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$C$ is a curve of $y(x)$ function on $XY$ , there is point $P:=(x,y)$. A parallel line and perpendicular line of C pass through the point $P$.

$AB=Y = y + y'(x) (X-x)$

$PG= Y = y - \frac{1}{y'(x)} (X-x)$

Find the curves such that $PM=MG$. I need to find the formula of the curves family and don't know how to do it. enter image description here

My solution :

I will find $M$ and $G$:

$0=y - \frac{1}{y'(x)} (X-x) \implies X_G=yy'(x)+x \implies G=(yy'(x)+x,0).$

$Y_M = y - \frac{1}{y'(x)} (0-x) \implies Y_M=y+\frac{x}{y'(x)} \implies M=(0,y+\frac{x}{y'(x)}).$

Find $PM : \sqrt{(x-0)^2+(y-(y+\frac{x}{y'(x)})^2} = \sqrt{x^2+(\frac{x}{y'(x)})^2}$

Find $MG$ : $\sqrt{(0-(yy'(x)+x))^2+(y+\frac{x}{y'(x)}-0)^2}$

$PM=MG : \sqrt{x^2+(\frac{x}{y'(x)})^2}= \sqrt{(0-(yy'(x)+x))^2+(y+\frac{x}{y'(x)}-0)^2}$

$ \implies x^2+(\frac{x}{y'(x)})^2=(y\cdot y'(x)+x)^2+(y+\frac{x}{y'(x))}^2$

$ \implies x^2 + \frac{x^2}{(y'(x))^2}=y^2\cdot (y'(x))^2+2y\cdot y'(x)\cdot x+x^2+y^2+\frac{2xy}{y'(x)}+\frac{x^2}{(y'(x))^2} $

$\implies 0=y^2\cdot y'(x)+2y\cdot y'(x)\cdot x+y^2+\frac{2xy}{y'(x)} \implies y'(x)=\sqrt{\frac{x}{-y-x}}.$

Is this part of my solution correct?

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  • $\begingroup$ I react to your last equation :$y'(x)=\sqrt{\frac{x}{-(y+x)}}$ is impossible because under the root sign you have a negative quantity if your point is the first quadrant $x>0, y>0$. $\endgroup$
    – Jean Marie
    Nov 20, 2021 at 11:35

2 Answers 2

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Here is an approach that follows the line of reasoning you demonstrate in your post.

The equation of line normal to your unknown curve $C$ as the point $P=(a,f(a))$ is $$y=-\frac{1}{f'(a)}(x-a)+f(a)$$ By finding the $x$ and $y$ intercepts of this line we determine the points $M$ and $G$ to be $$M=\Big(0,f(a)+\frac{a}{f'(a)}\Big)$$ $$G=\Big(f'(a)f(a)+a,0\Big)$$ Then $$(PM)^2=(GM)^2 \iff f'(a)=-{2a \over f(a)}$$ In other words, your unknown function $f$ must satisfy the differential equation $y'=-\frac{2x}{y}$ providing you with the same solution curves as @JeanMarie.

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  • $\begingroup$ It's very well to show, as you have done, that one can follow the track already begun. I recognize that my solution was influenced by the fact that I hald already solved a few subtangent and subnormal problems... $\endgroup$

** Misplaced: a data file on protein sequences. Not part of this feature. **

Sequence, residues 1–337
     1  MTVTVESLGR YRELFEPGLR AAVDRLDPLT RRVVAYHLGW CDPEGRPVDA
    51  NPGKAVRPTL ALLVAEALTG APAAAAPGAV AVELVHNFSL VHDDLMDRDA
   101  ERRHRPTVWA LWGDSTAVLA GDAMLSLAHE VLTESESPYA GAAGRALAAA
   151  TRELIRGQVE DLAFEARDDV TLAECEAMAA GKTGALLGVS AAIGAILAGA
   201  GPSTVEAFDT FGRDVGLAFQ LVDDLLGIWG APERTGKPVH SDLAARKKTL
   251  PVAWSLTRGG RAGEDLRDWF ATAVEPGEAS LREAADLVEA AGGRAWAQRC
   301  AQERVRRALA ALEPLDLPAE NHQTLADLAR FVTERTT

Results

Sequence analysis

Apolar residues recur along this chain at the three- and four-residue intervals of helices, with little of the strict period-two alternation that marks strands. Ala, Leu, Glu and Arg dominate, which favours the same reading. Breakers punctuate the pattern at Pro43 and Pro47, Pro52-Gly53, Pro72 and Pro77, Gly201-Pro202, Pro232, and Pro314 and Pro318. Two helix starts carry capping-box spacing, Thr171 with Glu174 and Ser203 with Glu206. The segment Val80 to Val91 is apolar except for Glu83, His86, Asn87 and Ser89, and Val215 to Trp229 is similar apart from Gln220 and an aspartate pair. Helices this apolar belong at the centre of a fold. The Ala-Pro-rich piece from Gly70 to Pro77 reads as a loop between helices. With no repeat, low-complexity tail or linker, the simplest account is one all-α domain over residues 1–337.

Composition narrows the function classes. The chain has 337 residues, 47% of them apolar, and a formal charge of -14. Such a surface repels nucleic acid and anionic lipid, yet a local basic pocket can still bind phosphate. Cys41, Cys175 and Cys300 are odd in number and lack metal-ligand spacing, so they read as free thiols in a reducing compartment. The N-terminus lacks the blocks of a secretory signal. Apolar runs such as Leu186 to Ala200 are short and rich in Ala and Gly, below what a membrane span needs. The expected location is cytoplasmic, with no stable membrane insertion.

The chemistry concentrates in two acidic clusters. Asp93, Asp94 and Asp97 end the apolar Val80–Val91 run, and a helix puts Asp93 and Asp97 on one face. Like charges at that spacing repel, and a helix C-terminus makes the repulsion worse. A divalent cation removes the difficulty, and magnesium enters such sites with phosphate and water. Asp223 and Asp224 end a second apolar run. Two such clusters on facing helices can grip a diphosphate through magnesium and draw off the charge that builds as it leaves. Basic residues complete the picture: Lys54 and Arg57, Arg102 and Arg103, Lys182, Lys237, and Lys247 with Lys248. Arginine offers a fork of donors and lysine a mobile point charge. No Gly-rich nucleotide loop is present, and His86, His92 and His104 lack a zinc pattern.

– Jean Marie
    Nov 22, 2021 at 0:12
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It is difficult for me to find another error than the one I have already found.

In fact, there is a simpler approach.

Let me say first what is the solution, the proof being given hereafter.

The solution is any ellipse (at least its arc in the first quadrant) with implicit equation :

$$x^2+\frac{y^2}{2}=k \tag{1}$$

or, using a parametric representation:

$$\begin{cases}x&=&\cos(t)\\y&=&\sqrt{2} \sin(t)\end{cases}$$

Here is a Desmos representation where $k=1$ that one can animate by playing on the cursor for $s$.

enter image description here

Now, let us give the proof.

Let $P'$ be the projection of $P$ onto the $x$ axis. The length of line segment $GP'$ is classically called the "subnormal" of the curve ; it is given by a classical formula $|yy'|$. Taking into account the fact that $(x,y)$ is in the first quadrant $x>0, \ y>0$ and that the slope is negative, we have: $|yy'|=-yy'.$

The important remark now is that we need only consider abscissas. Indeed, condition $PM=MG$ gives by projection $P′O=OG$ ($O$ being the origin) itself equivalent to $$GP'=2OP' \ \ \ \iff \ \ \ -yy'=2x,$$

a differential equation whose integration gives (1), $k$ being an integration constant.

Remark: the solution curve, defined at first for $x>0,y>0$ is in fact valid for $|x|>0,|y|>0$.

Historical corner: issues on subnormals and subtangents were rather common in the 17th and 18th centuries. They were sometimes used as challenges between mathematicians just before and still after the beginning of Calculus.

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  • $\begingroup$ Thank you ! but how we know $PM=MG$ exists in the solution? $\endgroup$
    – algo
    Nov 20, 2021 at 13:55

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